NFL draft: Carriker trade shows how poorly Rams have drafted in past decade
By Bryan Burwell
St. Louis Post-Dispatch
ST. LOUIS — There were a little more than 48 hours to go before he will pull the trigger on the most important draft of his professional life, but instead of looking a bit frazzled or a tad freaked out, Rams general manager Billy Devaney was cracking jokes.
It was Tuesday morning, and the GM and his draft day tag-team partner Steve Spagnuolo were doing their final meet-and-greet with the local press at Rams Park. When one inquisitive mind tried getting Devaney to divulge how many trade offers have already come his way for the No.1 overall pick in Thursday night's prime time first round, he tried to play it coy.
"There's been, I don't know, there hasn't been that many," Devaney said. "I haven't kept score, to be honest."
OK, Billy, could you possibly be a little less vague? Was it more than 10? Less than 10? Somewhere between five and 10 or maybe four and 3,481 potential trade offers on the table?
"You're getting warmer," Devaney grinned.
Even though he spent most of the day in front of the TV cameras and microphones being intentionally cryptic, behind the scenes, Devaney was showing that these last critical hours before the start of the NFL draft can be somewhat revealing. We may not know what Devaney has up his sleeve as he tries to shape the franchise's future, but at least we can see what he's trying to do about distancing himself even further from its failed past.
If we needed any more reminders of the spectacular draft day failures of the previous Rams regime, Devaney gave us a big one Tuesday. For the second time in the past seven months, the Rams general manager dumped another failed first-round draft pick for little more than a pittance. In September, it was 2006 first-rounder Tye Hill, who was dealt to Atlanta for a seventh-round pick. Then on Tuesday afternoon, Devaney did a little more important house cleaning, making room for the next draft class by shipping off another first-round failure of the previous regime — 2007 draft bust Adam Carriker — as a throw-in for changing draft spots in both the fifth and seventh rounds with Washington.
Good for him. Out with the old, in with the new.
This is one more opportunity to highlight why draft day is a make-or-break moment. Carriker and Hill are the most obvious reminders of why the Rams are in this sorry predicament in the first place and serve as cautionary tales for what Devaney must avoid repeating if he wants to turn this franchise around in a hurry.
I don't know what Devaney has up his sleeve on this extended draft weekend, whether he is going to play it by the numbers and select Oklahoma quarterback Sam Bradford with that No. 1 pick, or give us a Thursday night surprise (trade the pick for tons of additional picks), or veer back toward Nebraska's beast of a defensive tackle, Ndamukong Suh (I haven't forgotten you, big fella).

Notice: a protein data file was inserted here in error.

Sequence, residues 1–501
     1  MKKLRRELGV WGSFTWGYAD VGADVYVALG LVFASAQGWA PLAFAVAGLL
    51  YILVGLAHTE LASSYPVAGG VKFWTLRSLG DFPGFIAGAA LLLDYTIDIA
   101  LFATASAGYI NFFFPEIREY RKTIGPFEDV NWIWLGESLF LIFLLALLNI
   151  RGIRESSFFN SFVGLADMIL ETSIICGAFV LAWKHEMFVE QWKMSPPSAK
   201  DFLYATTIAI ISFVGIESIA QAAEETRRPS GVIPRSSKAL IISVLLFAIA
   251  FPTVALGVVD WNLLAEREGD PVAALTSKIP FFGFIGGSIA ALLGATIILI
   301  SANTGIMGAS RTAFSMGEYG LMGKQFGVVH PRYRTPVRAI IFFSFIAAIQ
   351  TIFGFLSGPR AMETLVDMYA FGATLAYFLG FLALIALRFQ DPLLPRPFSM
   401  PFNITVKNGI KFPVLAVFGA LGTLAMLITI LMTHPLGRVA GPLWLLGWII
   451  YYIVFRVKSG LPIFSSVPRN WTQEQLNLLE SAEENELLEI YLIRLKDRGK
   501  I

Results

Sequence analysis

But whatever he does, please let it be known that Devaney must not take the Rams back to the horrid nightmares of the past decade where draft day was an unmitigated disaster. Hopefully, we are done with the last remnants of a negative drafting history that has put the franchise in this deep hole.
When you show up on draft day, this is supposed to be the best tool to fortify your roster for years to come. Yet it didn't work out that way for the Rams. In the eight drafts between 2000 and 2007, when the team should have been stocking up on its core group of veteran players, the Rams came away nearly empty.
Between 2000 and 2003, the Rams have only one drafted player still on their roster, long snapper Chris Massey. By comparison, the Pittsburgh Steelers have two — Pro Bowl safety Troy Polamalu and starting cornerback Ike Taylor. It doesn't get much better the deeper we go into the decade. While the Steelers still have 10 players on their roster from the '03 through '07 drafts (including nine current starters and four Pro Bowlers), the Rams have retained seven players (four starters, one Pro Bowler).
You can go back and see over and over again why the Rams are in the predicament they're in now, and every time the trail leads to the failures on draft day. In 2007, the previous regime (do we have to say their names?) took Carriker with the 13th pick in the first round. The next two picks in the first round were Jets star cornerback Darrelle Revis (best cover corner in the league) and Pittsburgh's stud linebacker Lawrence Timmons (seven sacks last year). Ouch!
In '06, it was the Tye Hill draft (15th overall). Four slots later, San Diego took another defensive back in Antonio Cromartie, who proved to be an exciting player capable of doing what Hill never could do, cover people and create interceptions. So as Carriker leaves, we are once again reminded of what a disaster the last decade has been for the Rams on draft day.
Why are they so sorry now? Well, when you have only two first-round picks still on the roster between '00 and '07 and the eight Rams' first-rounders of that era are either no longer with the team (Carriker, Hill, Jimmy Kennedy, Damione Lewis, Ryan Pickett) or totally out of the league (Trung Canidate, Robert Thomas, Adam Archuleta), that's a recipe for the disaster that this team has become.
Now it's time for Devaney to change it all up. He doesn't have anyone handicapping him anymore. Scott Linehan is gone. Jay Zygmunt is a distant memory and Mike Martz is nowhere to be found. It's Devaney's draft board and he's assembled a crew of smart pro football lifers in his personnel department whose judgment he respects.
I don't care how coy he plays it before the draft. I just want to make sure that when the clock starts ticking, Billy D is the smartest man in the room.